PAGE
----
SARATOV — President Dmitry Medvedev ordered law enforcement agencies on Thursday to prevent speculators from driving up food prices after the worst harvest in years and pledged help to ensure affordable food staples.
The government is worried that recent price rises for staples such as flour, buckwheat, pasta and meat following the worst drought in at least half a century could undermine the Kremlin's support ahead of the 2012 presidential election.
This summer's drought will lead to a "price shock" for three to six months, though inflation should be 7 percent for the year, Central Bank First Deputy Chairman Alexei Ulyukayev told a banking conference.
Medvedev, speaking to the State Council, complained that speculators were driving up prices for certain foods such as buckwheat.
"The speculators need to be caught," Medvedev said at the meeting in Saratov, a city on the Volga River in an agricultural region hit by the drought. "There are no objective reasons for the current changes in price" for food products.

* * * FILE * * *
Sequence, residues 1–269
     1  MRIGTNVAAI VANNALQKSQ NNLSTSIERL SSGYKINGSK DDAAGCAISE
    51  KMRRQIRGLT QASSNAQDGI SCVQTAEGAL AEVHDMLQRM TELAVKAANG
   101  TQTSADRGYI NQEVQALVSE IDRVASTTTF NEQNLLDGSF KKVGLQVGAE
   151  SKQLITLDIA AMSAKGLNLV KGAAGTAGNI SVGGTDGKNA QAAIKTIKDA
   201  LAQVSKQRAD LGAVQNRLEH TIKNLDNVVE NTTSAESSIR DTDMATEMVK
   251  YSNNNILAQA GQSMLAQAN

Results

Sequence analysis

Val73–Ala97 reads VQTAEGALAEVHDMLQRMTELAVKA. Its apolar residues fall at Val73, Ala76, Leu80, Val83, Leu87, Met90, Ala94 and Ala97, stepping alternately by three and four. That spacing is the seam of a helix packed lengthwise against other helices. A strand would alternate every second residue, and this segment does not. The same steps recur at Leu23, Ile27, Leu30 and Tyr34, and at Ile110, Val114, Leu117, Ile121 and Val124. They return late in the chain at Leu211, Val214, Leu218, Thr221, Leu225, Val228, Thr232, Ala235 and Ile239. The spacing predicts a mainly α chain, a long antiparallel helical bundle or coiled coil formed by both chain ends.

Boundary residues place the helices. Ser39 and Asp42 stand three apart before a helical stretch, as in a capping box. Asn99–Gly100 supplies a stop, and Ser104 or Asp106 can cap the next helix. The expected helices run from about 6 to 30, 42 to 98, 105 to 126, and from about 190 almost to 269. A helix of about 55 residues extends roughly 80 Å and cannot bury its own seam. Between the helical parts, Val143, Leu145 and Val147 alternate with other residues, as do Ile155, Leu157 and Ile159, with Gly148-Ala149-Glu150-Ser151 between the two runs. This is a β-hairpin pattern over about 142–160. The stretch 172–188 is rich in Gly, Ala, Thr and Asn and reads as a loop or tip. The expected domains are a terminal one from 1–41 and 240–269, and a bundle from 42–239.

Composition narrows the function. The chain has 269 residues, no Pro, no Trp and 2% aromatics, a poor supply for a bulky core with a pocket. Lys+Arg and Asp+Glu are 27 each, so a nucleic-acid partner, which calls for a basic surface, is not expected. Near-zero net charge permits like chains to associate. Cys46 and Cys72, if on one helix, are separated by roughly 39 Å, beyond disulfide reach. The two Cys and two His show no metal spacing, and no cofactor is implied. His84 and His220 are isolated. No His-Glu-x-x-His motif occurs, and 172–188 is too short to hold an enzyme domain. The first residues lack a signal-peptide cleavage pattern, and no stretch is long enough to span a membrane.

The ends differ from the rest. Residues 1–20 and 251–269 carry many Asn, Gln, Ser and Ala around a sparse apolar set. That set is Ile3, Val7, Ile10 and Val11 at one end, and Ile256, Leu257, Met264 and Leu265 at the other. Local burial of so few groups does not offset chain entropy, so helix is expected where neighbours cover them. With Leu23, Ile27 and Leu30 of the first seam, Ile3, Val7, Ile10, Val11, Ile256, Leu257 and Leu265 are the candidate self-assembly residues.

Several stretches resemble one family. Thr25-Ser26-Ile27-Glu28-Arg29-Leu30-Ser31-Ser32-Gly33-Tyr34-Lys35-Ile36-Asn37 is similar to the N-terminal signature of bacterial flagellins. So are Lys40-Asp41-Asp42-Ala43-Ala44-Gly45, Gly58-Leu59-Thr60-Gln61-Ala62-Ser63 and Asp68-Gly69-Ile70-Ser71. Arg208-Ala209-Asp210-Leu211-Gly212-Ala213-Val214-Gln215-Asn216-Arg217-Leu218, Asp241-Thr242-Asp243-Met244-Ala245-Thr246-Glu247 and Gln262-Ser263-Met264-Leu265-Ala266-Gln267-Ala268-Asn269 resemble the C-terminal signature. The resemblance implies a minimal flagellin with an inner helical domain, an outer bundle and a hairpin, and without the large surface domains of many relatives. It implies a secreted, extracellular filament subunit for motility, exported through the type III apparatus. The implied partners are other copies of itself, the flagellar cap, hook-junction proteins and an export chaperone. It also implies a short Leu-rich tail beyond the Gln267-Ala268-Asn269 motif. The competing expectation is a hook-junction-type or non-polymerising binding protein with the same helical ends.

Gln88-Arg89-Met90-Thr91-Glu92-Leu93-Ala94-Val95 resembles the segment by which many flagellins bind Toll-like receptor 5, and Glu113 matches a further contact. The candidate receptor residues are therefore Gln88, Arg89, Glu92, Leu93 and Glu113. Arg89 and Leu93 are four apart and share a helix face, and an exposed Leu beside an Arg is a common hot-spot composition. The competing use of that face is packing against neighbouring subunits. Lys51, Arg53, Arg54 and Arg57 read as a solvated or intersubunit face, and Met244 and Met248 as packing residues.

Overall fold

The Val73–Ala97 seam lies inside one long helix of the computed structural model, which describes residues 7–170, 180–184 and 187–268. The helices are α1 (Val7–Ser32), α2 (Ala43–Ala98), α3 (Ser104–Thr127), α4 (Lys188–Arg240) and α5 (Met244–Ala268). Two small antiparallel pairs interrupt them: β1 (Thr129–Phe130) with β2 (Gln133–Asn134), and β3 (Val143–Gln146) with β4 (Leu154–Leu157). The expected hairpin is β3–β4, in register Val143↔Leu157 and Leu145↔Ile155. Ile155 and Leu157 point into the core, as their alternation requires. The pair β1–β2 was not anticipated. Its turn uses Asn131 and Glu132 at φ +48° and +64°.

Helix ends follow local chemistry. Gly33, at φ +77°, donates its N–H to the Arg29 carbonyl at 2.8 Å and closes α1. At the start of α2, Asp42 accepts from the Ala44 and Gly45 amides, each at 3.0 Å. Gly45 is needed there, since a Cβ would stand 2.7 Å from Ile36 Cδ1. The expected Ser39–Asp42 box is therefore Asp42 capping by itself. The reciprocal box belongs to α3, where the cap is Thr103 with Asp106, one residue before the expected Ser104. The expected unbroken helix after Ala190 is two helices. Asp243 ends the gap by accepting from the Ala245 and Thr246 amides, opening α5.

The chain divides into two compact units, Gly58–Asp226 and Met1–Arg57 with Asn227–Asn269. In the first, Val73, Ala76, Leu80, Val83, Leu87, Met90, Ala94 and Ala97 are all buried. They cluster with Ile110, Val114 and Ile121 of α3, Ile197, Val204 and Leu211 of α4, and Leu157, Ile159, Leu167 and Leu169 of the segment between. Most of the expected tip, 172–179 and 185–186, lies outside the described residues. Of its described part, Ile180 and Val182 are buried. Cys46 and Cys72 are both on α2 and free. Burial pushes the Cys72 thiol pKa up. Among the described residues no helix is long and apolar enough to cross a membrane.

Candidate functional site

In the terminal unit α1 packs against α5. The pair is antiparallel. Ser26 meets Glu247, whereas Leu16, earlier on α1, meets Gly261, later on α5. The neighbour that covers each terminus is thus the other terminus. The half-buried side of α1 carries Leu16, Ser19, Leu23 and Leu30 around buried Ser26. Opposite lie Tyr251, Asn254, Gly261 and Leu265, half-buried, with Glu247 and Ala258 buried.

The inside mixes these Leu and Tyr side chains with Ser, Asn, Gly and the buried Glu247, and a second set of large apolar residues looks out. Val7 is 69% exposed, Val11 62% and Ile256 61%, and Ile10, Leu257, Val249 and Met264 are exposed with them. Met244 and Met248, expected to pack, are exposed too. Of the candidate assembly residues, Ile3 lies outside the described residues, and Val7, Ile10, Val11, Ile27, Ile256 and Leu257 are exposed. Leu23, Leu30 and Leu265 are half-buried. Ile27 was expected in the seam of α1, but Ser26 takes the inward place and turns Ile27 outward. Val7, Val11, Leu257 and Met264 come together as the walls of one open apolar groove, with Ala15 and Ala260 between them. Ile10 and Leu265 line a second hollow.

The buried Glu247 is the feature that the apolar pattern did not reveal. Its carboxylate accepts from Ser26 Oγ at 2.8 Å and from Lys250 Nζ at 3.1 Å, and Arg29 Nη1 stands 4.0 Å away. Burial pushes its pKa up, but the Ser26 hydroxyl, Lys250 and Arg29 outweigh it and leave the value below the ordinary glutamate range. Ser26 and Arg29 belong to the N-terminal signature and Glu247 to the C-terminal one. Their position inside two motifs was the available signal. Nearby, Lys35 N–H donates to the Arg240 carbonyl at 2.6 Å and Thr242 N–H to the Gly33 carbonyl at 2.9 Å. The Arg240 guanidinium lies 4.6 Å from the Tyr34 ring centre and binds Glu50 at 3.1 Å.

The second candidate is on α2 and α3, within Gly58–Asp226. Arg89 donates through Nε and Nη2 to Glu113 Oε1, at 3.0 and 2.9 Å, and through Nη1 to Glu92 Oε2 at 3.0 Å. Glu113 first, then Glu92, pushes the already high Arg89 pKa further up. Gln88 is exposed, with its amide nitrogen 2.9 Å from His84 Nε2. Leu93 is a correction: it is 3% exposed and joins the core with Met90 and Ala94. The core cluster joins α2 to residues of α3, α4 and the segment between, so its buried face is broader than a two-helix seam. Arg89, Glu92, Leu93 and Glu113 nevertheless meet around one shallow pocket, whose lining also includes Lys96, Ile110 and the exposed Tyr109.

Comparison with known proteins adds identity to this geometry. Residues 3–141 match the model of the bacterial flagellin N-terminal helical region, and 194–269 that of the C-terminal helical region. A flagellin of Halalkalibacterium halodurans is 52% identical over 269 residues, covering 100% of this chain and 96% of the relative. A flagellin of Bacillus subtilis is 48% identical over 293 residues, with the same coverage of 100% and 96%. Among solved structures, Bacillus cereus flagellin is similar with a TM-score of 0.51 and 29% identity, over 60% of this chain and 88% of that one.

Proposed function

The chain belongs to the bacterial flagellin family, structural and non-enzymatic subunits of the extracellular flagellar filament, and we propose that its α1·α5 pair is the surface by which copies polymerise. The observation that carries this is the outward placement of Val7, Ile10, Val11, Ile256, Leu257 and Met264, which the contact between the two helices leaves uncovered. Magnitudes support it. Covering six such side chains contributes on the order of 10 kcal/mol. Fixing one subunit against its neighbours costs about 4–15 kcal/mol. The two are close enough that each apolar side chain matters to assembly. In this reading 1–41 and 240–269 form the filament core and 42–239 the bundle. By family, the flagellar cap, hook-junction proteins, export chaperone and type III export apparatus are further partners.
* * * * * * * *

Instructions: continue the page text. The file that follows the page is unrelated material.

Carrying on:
"The situation should be kept under control by the government and regional leaders," he said. "If the situation changes, I will make the decision to ensure our citizens have quality and affordable food. … This is a priority for the state."
Medvedev has toured villages, dairy farms and meat processing plants in recent days in an effort to reassure Russians, who still remember the empty shelves and soaring food prices leading up to and following the 1991 collapse of the Soviet Union.
Medvedev said he was particularly concerned about the price of buckwheat, which ordinary Russians like to eat as porridge or with mushrooms and onions.
"People are buying up this buckwheat from big retailers in the evenings, using sacks to fill up their trucks, and then selling it in small shops and markets," Medvedev said.
"Those who are involved in hiking up prices, those involved in earning unjustified profits, should be dealt with by prosecutors, by the police, by the anti-monopoly and tariff services," he said.